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Tomar’s appeal to farmers’ organizations to end the protest, said the government is ready for talks

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Tomar’s appeal to farmers’ organizations to end the protest, said the government is ready for talks

New Delhi, June 26 (PTI) The protests by farmers’ organizations against the new agricultural laws have entered its eighth month. Meanwhile, Union Agriculture Minister Narendra Singh Tomar on Saturday appealed to these organizations to end the agitation and said that the government is ready to resume talks on the provisions of the three laws.

The government and the farmers’ unions did not reach an agreement in 11 rounds of talks. The last meeting was held on January 22. After the violent tractor rally of the farmers on 26 January, no talks started.

Thousands of farmers from Punjab, Haryana and western Uttar Pradesh have been staging a sit-in on the borders of Delhi for seven months by putting up banners of organizations. Farmers believe that the new laws will end the system of purchasing crops in the agricultural market.

The Supreme Court has stayed the implementation of the three laws till further orders and has constituted a committee to find a solution. The committee has submitted its report.

Tomar tweeted, “I want to tell through you (media) that farmers should end their agitation…. Many people across the country are in favor of these new laws. Still, some farmers have some problem with the provisions of the laws, Government of India is ready to listen and discuss with them.

He said the government held 11 rounds of talks with the protesting farmers’ unions. The government has increased the Minimum Support Price (MSP) and is procuring more quantity at the MSP.

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The farmers’ protest began on November 26 last year and has now completed seven months despite the coronavirus pandemic. Three Union ministers, including Tomar and Food Minister Piyush Goyal, held 11 rounds of talks with the protesting farmers’ unions.

In the last meeting held on January 22, the government’s talks with 41 farmer groups led to a deadlock as farmers’ organizations outrightly rejected the Centre’s proposal to keep the laws suspended.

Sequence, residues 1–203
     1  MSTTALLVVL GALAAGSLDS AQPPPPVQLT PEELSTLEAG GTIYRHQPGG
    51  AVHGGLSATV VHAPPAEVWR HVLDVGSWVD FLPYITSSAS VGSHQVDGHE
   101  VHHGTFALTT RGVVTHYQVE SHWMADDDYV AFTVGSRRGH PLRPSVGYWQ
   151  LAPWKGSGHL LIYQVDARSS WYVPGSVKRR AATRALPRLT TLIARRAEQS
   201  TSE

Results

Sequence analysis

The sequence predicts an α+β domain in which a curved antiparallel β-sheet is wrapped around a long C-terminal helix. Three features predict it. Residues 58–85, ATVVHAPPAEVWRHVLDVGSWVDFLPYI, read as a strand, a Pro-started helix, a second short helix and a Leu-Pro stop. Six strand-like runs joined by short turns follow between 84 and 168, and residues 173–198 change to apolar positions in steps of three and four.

The central government, during the 10th round of talks held on January 20, had offered to suspend the laws for one-and-a-half years and form a joint committee to find a solution, in return for which the government was expected to protest. The farmers should return to their homes from the borders of Delhi.

These laws—Farmer Produce Trade and Commerce (Promotion and Facilitation) Act, 2020, Price Assurance and Agreement on Agricultural Services to Farmers (Empowerment and Assistance) Act, 2020, and the Essential Commodities (Amendment) Act 2020 – were passed by Parliament in September last year. was passed.

Farmer groups have alleged that these laws will put an end to the Mandi and MSP procurement system and leave farmers at the mercy of big business houses. The government has dismissed these apprehensions as false.

On January 11, the Supreme Court had stayed the implementation of the three laws until further orders and appointed a four-member committee to resolve the impasse. Bhartiya Kisan Sangh president Bhupinder Singh Mann distanced himself from the committee.

Shetkari Sangathan (Maharashtra) president Anil Ghanwat and agricultural economists Pramod Kumar Joshi and Ashok Gulati are the rest of the committee members. They have completed the consultation process with the stakeholders and submitted the report.

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